Economic Growth to Be Thankful For

A cornucopia of early Q4 US economic data!

Ahead of tomorrow’s Thanksgiving feast, many are trying to finish up work and get on the road before traffic (and weather) gets too rough. So it is with economic statisticians, it seems, which have been busy cranking out economic data ahead of the holiday. For example, today the US Bureau of Economic Analysis issued its second estimate of Q3 US GDP, which revised up growth from 1.9% annualized to 2.1%.[i] While this is interesting for us data wonks, it isn’t too timely, considering it covers a period that ended months ago. Thankfully, though, there are other, more recent data. These early Q4 data tell the story of a US expansion still on solid ground—evidence an important contributor to the global economy continues to chug along.  

Consumers Are Spending

Take consumer spending, which accounts for nearly 70% of US GDP. While retail sales tend to get the most attention—especially during the holiday season—they cover only spending on goods and food services. A more comprehensive measure: the BEA’s personal consumption expenditures (PCE) gauge, which also tracks broader services spending—the lion’s share of US consumption. October PCE ticked up 0.3% m/m, the 9th positive read in 10 months.[ii] The latest monthly numbers are consistent with their longer-term trend—demand remains in fine fettle as 2019 nears its conclusion.

Exhibit 1: Steady US Consumer Spending


Source: FactSet, as of 11/27/2019. Month-over-month percent change in US personal consumption expenditures, October 2014 – October 2019. 

A Volatile Gauge Points Positively

Another widely watched gauge—durable goods orders—surprised many pundits with a positive reading. Orders rose 0.6% m/m, bouncing back from September’s -1.4% and beating expectations of -0.5%.[iii] Transportation equipment rebounded most, led by orders for aircraft and parts for both defense (18.1% m/m) and nondefense (10.7% m/m).[iv] Notably, non-defense capital goods orders excluding aircraft—“core” capital goods orders, used by many as a proxy for business investment—rose 1.2% m/m, up from September’s -0.5%.[v] Before getting too excited about the surprise, durable goods orders are notoriously volatile—and limited. (Exhibit 2) For example, business investment includes intellectual property and spending on structures and commercial real estate—areas not covered by core capital goods orders. Those caveats aside, October’s monthly growth suggests not all is so dreary in the much-maligned manufacturing sector.      

Exhibit 2: Volatile Durable Goods Orders


Source: FactSet, as of 11/27/2019. Month-over-month percent change in US durable goods orders and non-defense capital goods orders ex. aircraft, October 2016 – October 2019. 

Surveys Say Growth

IHS Markit’s flash purchasing managers’ indexes (PMIs) for November point to another expansionary month. The US’ composite gauge hit 51.9 as both manufacturing (52.2) and services (51.6) registered readings above 50—indicating a majority of firms grew.[vi] PMIs provide only a high-level look at business conditions—they are surveys and lack the detail of “hard” datasets—but they are among the most timely data available to us. In our view, they are further evidence the US’ private sector-led expansion seems alive and well.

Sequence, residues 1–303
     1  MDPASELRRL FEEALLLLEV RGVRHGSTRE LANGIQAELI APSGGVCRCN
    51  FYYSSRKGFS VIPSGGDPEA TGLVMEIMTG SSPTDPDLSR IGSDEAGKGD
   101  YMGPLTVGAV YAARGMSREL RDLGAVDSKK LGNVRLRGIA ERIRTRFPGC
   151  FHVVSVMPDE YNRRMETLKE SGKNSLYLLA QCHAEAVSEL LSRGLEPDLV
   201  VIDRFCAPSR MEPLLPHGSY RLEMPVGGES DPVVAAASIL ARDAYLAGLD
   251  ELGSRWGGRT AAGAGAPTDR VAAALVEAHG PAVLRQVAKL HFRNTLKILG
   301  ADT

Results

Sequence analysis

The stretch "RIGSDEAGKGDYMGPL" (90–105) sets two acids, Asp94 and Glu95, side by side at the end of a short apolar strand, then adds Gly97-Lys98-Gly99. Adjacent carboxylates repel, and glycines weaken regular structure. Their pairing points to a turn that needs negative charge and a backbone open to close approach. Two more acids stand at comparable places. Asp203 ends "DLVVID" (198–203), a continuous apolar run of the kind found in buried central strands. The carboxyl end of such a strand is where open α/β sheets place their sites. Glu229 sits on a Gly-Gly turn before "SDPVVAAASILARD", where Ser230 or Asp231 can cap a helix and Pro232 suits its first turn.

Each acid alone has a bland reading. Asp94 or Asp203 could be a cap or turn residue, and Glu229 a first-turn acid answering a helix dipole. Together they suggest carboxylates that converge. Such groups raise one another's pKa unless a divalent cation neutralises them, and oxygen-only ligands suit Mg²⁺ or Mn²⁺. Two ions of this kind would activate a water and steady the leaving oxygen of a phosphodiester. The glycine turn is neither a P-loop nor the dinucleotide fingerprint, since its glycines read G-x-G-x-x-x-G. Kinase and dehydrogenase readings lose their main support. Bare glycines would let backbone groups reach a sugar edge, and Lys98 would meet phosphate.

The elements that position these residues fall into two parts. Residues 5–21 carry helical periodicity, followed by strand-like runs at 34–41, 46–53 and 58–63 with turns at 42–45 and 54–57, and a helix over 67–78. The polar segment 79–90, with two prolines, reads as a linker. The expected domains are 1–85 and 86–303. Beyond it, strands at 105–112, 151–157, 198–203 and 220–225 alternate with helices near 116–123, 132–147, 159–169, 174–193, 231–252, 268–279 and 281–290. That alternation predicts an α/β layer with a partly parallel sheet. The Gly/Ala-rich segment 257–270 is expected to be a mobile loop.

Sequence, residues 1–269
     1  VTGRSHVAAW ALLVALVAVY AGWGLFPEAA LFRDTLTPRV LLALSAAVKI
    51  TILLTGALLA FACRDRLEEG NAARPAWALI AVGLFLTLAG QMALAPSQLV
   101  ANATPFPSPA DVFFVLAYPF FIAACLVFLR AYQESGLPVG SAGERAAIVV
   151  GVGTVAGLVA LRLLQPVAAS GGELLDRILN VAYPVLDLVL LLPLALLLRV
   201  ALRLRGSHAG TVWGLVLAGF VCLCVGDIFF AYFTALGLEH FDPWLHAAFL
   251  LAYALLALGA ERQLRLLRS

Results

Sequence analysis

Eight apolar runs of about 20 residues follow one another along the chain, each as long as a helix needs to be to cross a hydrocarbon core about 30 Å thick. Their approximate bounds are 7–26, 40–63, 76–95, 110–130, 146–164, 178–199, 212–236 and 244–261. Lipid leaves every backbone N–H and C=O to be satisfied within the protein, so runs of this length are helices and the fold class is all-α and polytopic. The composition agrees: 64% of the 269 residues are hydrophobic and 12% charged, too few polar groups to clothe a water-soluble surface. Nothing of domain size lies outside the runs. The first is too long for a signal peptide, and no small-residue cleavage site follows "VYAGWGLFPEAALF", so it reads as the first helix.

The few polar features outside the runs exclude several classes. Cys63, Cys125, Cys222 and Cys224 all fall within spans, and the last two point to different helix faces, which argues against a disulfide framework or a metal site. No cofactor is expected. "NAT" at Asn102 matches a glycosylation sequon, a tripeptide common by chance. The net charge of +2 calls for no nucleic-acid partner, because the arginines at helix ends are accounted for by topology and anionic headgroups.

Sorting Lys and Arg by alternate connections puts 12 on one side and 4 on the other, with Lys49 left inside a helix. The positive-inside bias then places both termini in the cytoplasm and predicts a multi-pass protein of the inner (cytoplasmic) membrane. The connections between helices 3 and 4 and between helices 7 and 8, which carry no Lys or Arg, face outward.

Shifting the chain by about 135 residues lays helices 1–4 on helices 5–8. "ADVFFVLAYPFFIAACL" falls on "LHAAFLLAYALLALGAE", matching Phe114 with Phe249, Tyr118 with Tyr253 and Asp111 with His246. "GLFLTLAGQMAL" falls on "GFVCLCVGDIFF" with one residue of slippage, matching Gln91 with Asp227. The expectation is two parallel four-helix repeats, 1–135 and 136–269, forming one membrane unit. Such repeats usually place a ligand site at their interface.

Exhibit 3: IHS Markit US Manufacturing and Services PMIs Since November 2016


Source: FactSet, as of 11/27/19. IHS Markit PMIs for manufacturing and services, November 2016 – November 2019. Note: November 2019 reflects flash estimates, i.e., reflective of ~85% - 90% of total PMI survey responses.

Despite their methodological differences, the Atlanta, St. Louis and New York Federal Reserve Banks’ GDP “nowcasts”—models that attempt to measure GDP in real time—all project Q4 growth (at 1.7%, 1.6% and 0.7% annualized rates, respectively). These attempts to tally GDP based on incoming and estimated data aren’t perfect, and the numbers fluctuate all quarter long. But they are a good general indication that the data so far point to growth continuing, not slipping into contraction.

While The Conference Board’s Leading Economic Index (LEI) is trending lower, we think this reflects well-known headwinds in the manufacturing sector and shale oil industry. The current weakness resembles very similar bouts seen during mid-cycle slowdowns in 2011 – 2012 and 2015 – 2016. While growth has decelerated in the second half of the year, slowdowns aren’t uncommon during expansions. Dour headlines remain the norm, but the data point to a still-humming US economy—reason for investors to give thanks, in our view.

[i] Source: US Bureau of Economic Analysis, as of 11/27/2019.

[ii] Source: FactSet, as of 11/27/2019.

[iii] Ibid.

[iv] Ibid.

[v] Ibid.

[vi] Ibid.

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*The content contained in this article represents only the opinions and viewpoints of the Fisher Investments editorial staff.